Monday, 10 January 2011


Modes of Transport: Travel Writing and Form, 1780-1914

King’s College London, 26 & 27 May 2011

Speakers include:

Mary Beard

Simon Goldhill

Dane Kennedy

Clare Pettitt

Alison Chapman, Peter Garratt, Anne Green, Michael Ledger-Lomas, Muireann O’ Cinneide, Matthew Rubery & Carl Thompson

There has always been a certain amount of unease and anxiety about how best to mould the quotidian, often repetitious, experience of travel into a digestible, literary narrative. The travel writer cannibalises other modes of literary, geographical and scientific writing, while simultaneously forging experimental, innovative and dynamic forms in the struggle to represent the heterogeneous and often chaotic experience of travel. It is the aim of this two-day conference to bring academic researchers and travel writers together in order to explore the relationship between travel writing and formal innovation in a variety of media across the long-nineteenth century. As Franco Moretti has suggested, ‘new space gives rise to a new form’, and the period 1780-1914 saw the rise of both new technologies of movement and new categories of traveller. We are specifically interested in how the new perspectives, networks, and markets enabled by these developments impacted upon literary and media form and how these narratives in turn affected the ways in which people travelled.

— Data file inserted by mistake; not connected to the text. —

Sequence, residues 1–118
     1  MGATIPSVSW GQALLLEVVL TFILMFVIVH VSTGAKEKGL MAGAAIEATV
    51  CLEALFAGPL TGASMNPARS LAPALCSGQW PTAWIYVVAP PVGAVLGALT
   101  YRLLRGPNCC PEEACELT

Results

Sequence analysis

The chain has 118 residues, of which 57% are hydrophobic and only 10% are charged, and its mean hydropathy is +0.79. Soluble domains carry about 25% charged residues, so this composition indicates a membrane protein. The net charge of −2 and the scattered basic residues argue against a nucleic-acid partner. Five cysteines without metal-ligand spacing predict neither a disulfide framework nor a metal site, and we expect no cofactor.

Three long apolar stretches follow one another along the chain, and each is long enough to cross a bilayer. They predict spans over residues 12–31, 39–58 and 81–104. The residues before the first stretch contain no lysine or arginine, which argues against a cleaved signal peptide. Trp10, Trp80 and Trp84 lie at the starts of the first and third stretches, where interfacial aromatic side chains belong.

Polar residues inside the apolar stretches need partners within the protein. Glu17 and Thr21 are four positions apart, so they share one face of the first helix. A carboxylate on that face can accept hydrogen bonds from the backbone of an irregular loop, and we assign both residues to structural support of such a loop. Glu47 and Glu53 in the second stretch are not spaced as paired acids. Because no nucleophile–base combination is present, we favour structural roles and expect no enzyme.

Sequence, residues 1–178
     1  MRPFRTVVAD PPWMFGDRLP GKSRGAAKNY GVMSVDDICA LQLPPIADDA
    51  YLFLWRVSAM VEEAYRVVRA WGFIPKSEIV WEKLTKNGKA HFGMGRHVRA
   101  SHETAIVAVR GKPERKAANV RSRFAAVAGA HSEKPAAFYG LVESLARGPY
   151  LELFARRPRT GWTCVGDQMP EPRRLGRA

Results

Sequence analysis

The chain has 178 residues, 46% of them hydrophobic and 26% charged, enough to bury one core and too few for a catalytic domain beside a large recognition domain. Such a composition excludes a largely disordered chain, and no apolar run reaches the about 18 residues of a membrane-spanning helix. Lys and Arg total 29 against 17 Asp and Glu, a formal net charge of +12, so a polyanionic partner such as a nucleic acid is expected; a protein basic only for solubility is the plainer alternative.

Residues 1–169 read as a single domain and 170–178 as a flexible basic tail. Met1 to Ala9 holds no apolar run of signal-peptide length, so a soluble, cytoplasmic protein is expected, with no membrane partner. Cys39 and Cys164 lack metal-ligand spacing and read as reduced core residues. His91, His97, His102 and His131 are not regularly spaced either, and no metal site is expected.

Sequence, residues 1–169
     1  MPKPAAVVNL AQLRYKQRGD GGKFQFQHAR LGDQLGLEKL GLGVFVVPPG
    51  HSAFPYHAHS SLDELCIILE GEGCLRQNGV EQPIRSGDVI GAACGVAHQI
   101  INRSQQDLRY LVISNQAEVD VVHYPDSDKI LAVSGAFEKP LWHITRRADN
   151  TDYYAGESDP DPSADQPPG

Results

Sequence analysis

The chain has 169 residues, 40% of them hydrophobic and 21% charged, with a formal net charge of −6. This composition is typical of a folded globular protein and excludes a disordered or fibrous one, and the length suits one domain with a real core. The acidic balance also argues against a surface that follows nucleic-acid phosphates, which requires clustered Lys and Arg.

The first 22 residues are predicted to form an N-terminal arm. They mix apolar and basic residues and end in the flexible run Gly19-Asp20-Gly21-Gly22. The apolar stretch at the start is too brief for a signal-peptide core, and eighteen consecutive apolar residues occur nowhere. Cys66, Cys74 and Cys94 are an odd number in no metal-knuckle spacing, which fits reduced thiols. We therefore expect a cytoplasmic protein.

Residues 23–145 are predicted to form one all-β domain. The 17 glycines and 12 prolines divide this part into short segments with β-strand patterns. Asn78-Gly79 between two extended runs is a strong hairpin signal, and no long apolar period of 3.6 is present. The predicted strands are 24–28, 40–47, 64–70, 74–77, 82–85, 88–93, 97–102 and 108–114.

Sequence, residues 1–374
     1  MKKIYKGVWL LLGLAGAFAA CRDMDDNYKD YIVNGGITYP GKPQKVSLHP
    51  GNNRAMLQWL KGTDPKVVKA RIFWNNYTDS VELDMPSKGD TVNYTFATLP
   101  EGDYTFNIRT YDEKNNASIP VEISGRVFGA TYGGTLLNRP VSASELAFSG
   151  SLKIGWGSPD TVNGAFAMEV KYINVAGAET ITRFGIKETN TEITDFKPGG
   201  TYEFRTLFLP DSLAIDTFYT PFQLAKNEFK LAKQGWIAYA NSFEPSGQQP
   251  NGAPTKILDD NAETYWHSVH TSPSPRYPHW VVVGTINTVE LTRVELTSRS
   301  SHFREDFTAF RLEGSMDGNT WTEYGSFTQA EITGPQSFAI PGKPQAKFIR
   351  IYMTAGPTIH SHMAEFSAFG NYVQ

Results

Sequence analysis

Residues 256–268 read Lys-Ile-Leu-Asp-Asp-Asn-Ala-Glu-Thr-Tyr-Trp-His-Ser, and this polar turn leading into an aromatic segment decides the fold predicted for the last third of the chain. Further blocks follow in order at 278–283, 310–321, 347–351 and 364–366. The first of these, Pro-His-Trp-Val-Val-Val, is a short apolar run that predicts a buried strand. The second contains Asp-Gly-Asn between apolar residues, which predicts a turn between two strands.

Topics will include:

Journals and Letters
Travel in Verse
Transport and Literary Form

Mobile Reading
Tourism and Visual Culture
Literary Pilgrimage

Special Workshop: The Foreign and Commonwealth Office (FCO) historical collection

Registration and further details at:

Or contact Mary Henes and Brian Murray at

Supported by the Arts and Humanities Research Institute (King’s College London) and the Cambridge Leverhulme Victorian Studies Group